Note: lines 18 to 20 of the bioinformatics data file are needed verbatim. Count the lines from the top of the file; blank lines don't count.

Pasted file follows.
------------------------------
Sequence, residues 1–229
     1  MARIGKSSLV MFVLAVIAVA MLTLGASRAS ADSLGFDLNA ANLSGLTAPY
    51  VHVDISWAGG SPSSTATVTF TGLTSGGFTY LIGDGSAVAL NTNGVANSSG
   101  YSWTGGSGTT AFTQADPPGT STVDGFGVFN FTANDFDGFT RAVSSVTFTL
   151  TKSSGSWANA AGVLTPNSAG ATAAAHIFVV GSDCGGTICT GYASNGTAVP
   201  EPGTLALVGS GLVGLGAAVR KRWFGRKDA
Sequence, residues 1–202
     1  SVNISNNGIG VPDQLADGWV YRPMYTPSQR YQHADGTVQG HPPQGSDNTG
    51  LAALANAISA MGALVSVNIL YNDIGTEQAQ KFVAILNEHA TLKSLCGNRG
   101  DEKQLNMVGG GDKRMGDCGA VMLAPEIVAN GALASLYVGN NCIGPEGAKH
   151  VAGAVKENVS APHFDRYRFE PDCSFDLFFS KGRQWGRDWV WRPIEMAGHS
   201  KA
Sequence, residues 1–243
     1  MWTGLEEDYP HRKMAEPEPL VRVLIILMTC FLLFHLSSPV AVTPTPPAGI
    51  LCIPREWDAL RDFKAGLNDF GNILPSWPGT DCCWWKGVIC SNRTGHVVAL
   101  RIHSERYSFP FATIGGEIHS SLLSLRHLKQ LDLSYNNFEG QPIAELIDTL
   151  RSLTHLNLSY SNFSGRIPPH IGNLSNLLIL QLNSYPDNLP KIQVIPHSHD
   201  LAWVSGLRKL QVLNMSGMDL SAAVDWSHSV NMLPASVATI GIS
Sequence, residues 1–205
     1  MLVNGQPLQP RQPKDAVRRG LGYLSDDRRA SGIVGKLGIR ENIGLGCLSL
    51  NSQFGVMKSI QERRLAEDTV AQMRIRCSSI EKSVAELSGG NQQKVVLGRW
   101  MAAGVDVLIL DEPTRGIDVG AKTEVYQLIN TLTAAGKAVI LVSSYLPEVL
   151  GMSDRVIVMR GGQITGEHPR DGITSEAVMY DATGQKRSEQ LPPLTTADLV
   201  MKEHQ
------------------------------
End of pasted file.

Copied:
   201  LAWVSGLRKL QVLNMSGMDL SAAVDWSHSV NMLPASVATI GIS
Sequence, residues 1–205
     1  MLVNGQPLQP RQPKDAVRRG LGYLSDDRRA SGIVGKLGIR ENIGLGCLSL